The paramhansas could not answer the question.

So Shriji Mahārāj revealed, “If one has bhakti coupled with the knowledge of God’s countless powers as described by Kapildev to Devhuti in ‘Mad-bhayād-vāti vāto’yam sooryas-tapati mad-bhayāt... ||’1 then all of one’s flaws would be eradicated. Moreover, even if one does not possess gnān, vairāgya and dharma, one still attains them. Thus, this spiritual endeavor is the best of all.”

Then Shriji Mahārāj asked another question, “A deceitful person who is also clever, cunningly conceals his deceitfulness. Please explain how such a person’s deceitfulness can be recognized?”

Brahmānand Swāmi answered, “Such a person can be recognized by the fact that he keeps the company of someone who is an antagonist of Satsang and who speaks ill of the Sant and God; besides this, such a person cannot be known by any other means.”

Shriji Mahārāj accepted the answer, but questioned further, “Yes, but how can such a person be recognized if he does not keep the company of such people?”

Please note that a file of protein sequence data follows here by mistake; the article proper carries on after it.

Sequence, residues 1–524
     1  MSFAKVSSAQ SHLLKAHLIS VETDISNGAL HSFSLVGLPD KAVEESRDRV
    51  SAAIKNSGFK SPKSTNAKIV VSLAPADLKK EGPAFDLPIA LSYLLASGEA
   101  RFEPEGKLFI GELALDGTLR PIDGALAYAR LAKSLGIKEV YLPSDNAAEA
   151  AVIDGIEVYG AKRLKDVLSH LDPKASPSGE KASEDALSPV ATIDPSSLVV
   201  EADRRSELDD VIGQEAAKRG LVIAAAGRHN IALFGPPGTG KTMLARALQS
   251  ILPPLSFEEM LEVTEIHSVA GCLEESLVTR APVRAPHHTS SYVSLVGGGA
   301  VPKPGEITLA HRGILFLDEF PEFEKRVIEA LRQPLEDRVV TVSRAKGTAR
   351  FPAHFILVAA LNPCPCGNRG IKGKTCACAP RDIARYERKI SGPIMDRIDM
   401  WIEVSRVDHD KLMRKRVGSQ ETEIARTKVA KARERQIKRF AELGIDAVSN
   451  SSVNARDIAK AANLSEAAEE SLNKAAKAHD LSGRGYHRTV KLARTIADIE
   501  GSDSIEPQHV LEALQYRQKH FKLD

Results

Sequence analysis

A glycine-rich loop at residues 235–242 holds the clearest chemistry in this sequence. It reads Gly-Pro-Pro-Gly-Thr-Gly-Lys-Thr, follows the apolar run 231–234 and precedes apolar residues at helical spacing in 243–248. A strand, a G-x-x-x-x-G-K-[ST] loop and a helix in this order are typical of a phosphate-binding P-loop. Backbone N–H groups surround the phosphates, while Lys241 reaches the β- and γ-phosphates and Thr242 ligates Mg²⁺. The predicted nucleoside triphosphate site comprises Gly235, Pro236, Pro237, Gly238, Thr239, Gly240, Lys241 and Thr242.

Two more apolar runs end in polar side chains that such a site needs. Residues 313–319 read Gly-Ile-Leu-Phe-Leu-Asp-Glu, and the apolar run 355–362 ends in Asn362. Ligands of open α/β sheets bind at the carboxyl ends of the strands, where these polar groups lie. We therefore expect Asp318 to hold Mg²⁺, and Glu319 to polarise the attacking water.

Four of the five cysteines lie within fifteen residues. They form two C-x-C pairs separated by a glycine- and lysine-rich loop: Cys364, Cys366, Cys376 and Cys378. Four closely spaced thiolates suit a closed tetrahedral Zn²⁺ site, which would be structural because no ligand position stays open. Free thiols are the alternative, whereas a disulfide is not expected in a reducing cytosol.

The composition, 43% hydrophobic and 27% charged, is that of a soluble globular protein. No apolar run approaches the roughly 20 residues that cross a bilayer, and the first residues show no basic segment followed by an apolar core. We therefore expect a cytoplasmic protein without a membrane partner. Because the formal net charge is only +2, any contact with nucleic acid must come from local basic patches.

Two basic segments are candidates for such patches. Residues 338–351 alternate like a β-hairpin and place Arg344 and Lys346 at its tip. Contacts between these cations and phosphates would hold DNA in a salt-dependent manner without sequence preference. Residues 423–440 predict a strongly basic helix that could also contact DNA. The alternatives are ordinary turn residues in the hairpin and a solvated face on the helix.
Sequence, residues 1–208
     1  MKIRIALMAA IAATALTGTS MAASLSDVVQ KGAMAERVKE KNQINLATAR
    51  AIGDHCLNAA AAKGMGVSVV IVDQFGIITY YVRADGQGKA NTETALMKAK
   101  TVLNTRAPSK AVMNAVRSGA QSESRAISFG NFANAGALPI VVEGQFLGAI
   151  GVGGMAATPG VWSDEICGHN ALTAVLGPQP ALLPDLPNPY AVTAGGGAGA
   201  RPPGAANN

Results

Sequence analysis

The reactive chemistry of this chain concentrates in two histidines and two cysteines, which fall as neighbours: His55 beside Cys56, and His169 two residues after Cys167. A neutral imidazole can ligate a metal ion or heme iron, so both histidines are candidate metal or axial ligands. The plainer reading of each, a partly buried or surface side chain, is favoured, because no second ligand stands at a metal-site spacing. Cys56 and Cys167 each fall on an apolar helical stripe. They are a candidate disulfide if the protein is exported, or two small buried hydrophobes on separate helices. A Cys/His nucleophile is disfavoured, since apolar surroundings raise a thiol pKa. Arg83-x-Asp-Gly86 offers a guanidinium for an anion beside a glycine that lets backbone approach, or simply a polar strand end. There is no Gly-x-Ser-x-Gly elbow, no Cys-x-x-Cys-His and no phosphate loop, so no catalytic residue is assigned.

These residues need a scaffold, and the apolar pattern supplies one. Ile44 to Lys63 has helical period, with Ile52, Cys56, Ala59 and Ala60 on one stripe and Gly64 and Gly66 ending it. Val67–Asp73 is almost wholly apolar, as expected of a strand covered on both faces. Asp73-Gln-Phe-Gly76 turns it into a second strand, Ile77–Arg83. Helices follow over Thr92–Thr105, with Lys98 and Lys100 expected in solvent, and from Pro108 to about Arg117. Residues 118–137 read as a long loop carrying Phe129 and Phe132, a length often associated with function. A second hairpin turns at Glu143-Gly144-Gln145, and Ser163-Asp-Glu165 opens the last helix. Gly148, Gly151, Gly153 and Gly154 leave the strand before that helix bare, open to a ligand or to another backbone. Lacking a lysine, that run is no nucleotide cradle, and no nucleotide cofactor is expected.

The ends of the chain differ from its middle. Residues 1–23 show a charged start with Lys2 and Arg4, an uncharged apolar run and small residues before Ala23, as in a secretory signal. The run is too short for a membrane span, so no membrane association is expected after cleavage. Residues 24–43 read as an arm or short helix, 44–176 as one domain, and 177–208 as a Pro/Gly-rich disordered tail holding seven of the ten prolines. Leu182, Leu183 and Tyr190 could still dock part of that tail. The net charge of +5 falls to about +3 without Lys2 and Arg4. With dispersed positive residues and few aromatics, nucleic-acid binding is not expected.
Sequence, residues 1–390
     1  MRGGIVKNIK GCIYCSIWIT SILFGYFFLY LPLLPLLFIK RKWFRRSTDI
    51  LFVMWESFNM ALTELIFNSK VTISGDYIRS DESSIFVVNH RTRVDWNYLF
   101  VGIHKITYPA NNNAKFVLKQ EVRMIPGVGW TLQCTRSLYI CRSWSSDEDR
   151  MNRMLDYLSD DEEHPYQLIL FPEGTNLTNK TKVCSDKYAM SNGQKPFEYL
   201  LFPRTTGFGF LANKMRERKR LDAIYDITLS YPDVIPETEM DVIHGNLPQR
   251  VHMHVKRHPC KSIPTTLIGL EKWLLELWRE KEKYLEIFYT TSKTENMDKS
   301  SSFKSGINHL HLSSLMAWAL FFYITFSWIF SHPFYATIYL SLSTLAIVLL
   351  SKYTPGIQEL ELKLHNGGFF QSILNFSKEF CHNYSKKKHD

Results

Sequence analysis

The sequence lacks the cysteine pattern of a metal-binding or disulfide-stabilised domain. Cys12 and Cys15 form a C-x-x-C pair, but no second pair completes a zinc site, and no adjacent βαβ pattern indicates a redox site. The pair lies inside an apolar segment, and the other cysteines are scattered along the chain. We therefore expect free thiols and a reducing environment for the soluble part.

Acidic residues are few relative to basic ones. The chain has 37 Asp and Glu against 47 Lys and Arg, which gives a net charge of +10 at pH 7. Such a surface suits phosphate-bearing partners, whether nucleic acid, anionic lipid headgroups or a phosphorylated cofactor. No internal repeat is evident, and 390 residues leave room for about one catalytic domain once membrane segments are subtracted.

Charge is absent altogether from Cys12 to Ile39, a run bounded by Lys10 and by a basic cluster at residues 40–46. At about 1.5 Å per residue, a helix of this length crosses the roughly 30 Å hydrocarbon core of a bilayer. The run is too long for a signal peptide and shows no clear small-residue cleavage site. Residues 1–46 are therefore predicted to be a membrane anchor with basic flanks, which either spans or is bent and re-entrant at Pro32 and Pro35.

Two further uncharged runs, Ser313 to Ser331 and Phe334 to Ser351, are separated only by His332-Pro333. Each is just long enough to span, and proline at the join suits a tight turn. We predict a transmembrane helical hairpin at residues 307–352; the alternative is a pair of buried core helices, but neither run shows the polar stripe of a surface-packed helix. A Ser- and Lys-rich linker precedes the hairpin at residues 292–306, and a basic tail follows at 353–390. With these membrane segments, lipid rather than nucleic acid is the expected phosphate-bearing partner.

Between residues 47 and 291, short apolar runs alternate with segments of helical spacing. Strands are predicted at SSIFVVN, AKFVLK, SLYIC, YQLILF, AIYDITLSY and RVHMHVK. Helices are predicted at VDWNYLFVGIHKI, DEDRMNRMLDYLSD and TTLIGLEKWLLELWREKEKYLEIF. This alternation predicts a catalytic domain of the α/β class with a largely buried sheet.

Brahmānand Swāmi then added, “His deceitfulness would be exposed in times of adverse circumstances.”

Shriji Mahārāj confirmed, “That is the correct answer to the question.”

Thereafter, Shriji Mahārāj asked another question, “Which single fault transforms all of a person’s virtues to faults?”

Shripāt Devānand Swāmi replied, “If someone spites a devotee of God, then all of his virtues become as good as faults.”

Shriji Mahārāj clarified, “That is true, but I had another answer in mind. A person may well be endowed with each and every virtue, but if he believes God to be formless - not possessing a definite form - then that is a grave flaw. So much so, that because of this flaw, all of his virtues become flaws.”

Thereafter, Shriji Mahārāj asked, “Why does one perceive faults in a sādhu?”

The paramhansas attempted to answer the question but were unable to do so satisfactorily.

So Shriji Mahārāj answered the question Himself, “An egotist perceives faults in a sādhu. This is because it is the very nature of someone who is egotistical that if someone praises him, even though that person may have a hundred faults, he would overlook them and would instead greatly highlight a single virtue. Conversely, if a person does not praise him, then even though that person may have a hundred virtues, he would overlook all of them and highlight an utterly insignificant fault. Consequently, he would initially spite that person mentally, then verbally, and ultimately physically as well. Thus, egotism is a grave vice. However, do not think that only the shrewd are egotistical and the naïve are not. In actual fact, the naïve are more egotistical than the shrewd.”